The number of homes sold through the MLS® System of the Nova Scotia Association of REALTORS® totaled 1,419 units in June 2022. This was a minor decrease of 3.9% from June 2021.

Homes Sold

The number of homes sold through the MLS® System of the Nova Scotia Association of REALTORS® totaled 1,419 units in June 2022. This was a minor decrease of 3.9% from June 2021.

Home sales were 1.6% above the five-year average and 13.5% above the 10-year average for the month of June.

On a year-to-date basis, home sales totaled 6,933 units over the first six months of the year. This was a large decline of 18.1% from the same period in 2021.

 

Average Homes Price

The MLS® Home Price Index (HPI) tracks price trends far more accurately than is possible using average or median price measures. The overall MLS® HPI composite benchmark price was $417,300 in June 2022, a sizable gain of 27.2% compared to June 2021.

The benchmark price for single-family homes was $410,900, increasing by 27% on a year-over-year basis in June. By comparison, the benchmark price for townhouse/row units was $490,300, a gain of 25.3% compared to a year earlier, while the benchmark apartment price was $479,800, up sharply by 31.4% from year-ago levels.

The average price of homes sold in June 2022 was $420,243, increasing by 14.8% from June 2021.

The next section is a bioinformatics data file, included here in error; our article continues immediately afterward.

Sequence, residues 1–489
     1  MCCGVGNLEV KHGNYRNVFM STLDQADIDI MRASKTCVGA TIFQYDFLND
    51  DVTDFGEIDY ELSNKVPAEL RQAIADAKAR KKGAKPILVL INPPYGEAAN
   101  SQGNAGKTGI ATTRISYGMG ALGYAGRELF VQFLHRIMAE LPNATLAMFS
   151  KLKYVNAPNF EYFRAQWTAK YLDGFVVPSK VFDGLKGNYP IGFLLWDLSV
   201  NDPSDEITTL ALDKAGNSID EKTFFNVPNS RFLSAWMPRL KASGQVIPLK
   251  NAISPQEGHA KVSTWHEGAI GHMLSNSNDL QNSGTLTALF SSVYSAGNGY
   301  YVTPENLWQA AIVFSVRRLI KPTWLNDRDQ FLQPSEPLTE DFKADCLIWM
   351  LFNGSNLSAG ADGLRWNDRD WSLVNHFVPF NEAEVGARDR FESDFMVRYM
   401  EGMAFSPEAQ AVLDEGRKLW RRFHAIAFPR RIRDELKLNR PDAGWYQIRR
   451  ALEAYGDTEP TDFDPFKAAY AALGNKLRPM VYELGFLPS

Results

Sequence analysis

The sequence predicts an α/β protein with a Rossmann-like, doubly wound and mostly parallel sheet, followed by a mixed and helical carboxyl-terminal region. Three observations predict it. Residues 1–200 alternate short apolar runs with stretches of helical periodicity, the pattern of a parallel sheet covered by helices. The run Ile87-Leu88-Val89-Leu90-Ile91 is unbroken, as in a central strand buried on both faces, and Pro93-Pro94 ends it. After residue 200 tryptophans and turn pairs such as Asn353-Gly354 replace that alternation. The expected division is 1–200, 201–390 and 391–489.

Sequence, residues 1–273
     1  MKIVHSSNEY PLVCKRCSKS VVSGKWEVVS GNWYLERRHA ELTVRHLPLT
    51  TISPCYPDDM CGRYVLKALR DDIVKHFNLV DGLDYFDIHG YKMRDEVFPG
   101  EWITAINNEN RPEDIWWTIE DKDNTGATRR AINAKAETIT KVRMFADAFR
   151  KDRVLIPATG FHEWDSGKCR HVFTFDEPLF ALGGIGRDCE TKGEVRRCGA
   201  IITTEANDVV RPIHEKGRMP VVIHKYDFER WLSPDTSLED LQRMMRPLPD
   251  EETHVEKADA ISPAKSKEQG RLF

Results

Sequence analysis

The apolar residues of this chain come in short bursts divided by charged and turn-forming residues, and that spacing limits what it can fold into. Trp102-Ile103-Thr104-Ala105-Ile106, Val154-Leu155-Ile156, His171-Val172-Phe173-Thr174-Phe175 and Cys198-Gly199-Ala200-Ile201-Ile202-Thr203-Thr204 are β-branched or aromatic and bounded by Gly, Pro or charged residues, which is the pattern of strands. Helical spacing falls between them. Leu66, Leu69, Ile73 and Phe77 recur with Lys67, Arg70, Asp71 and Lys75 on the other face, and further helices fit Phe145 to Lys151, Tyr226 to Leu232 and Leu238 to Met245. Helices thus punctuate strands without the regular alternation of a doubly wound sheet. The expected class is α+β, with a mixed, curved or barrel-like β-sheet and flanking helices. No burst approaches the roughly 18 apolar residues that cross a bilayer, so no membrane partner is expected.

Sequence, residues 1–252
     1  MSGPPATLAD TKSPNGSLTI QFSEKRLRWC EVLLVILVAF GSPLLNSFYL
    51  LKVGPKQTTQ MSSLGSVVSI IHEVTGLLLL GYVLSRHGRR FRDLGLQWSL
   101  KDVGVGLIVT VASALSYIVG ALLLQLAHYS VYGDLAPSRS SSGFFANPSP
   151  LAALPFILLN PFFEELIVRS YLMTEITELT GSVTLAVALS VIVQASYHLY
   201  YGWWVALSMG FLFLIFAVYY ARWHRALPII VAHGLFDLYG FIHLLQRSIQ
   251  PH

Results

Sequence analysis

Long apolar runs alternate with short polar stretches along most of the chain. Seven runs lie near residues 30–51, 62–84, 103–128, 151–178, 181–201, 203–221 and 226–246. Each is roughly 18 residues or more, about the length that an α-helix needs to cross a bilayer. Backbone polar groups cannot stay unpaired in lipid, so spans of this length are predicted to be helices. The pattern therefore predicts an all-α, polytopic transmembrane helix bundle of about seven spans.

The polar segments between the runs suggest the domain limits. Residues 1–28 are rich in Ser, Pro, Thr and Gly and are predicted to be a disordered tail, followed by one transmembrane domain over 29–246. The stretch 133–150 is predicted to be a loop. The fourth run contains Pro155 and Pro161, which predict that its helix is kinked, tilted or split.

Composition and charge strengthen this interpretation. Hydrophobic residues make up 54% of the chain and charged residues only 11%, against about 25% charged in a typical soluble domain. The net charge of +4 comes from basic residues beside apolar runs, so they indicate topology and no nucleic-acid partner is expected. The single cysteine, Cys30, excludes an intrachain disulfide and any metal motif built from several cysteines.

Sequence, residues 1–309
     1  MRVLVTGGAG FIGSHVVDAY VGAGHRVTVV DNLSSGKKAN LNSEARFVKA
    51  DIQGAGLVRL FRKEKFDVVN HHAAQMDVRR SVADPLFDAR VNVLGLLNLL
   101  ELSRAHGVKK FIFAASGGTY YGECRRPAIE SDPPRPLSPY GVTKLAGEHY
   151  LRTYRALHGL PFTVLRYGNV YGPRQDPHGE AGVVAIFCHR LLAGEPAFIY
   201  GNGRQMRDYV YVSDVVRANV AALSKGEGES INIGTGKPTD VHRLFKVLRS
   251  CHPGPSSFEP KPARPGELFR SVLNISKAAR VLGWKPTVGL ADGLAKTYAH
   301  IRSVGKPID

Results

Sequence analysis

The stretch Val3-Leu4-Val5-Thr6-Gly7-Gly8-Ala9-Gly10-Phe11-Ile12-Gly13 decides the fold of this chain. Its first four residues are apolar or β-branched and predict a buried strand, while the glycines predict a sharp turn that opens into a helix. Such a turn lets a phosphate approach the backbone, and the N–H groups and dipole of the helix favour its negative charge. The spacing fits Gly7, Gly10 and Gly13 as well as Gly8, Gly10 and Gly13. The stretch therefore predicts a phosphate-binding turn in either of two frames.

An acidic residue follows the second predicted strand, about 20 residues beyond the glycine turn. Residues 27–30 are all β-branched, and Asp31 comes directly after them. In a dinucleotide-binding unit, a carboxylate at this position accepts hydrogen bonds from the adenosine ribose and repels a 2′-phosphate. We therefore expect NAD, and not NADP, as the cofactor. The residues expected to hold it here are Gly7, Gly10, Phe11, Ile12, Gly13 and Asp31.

The more comprehensive year-to-date average price was $438,101, a gain of 22.3% from the first six months of 2021.

The dollar value of all home sales in June 2022 was $596.3 million, up by 10.3% from the same month in 2021. This was also a new record for the month of June.

New Listings

The number of new listings saw an increase of 4.3% from June 2021. There were 2,271 new residential listings in June 2022. This was the largest number of new listings added in the month of June in more than five years.

New listings were 11.7% above the five-year average and 3.8% above the 10-year average for the month of June.

Active Listings

Active residential listings numbered 3,289 units on the market at the end of June, a moderate gain of 4.5% from the end of June 2021.

Active listings were 36.6% below the five-year average and 59% below the 10-year average for the month of June.

Months of inventory numbered 2.3 at the end of June 2022, up from the 2.1 months recorded at the end of June 2021 and below the long-run average of 6.9 months for this time of year. The number of months of inventory is the number of months it would take to sell current inventories at the current rate of sales activity.

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10 Pro Tips for a Smooth Home Move


10 Pro Tips for a Smooth Home Move

 

The process of buying a new home can be both exhilarating and exhausting. But the journey doesn’t stop when you close on your property. On the contrary, you still have quite a bit to do before you can begin the process of settling into your new place.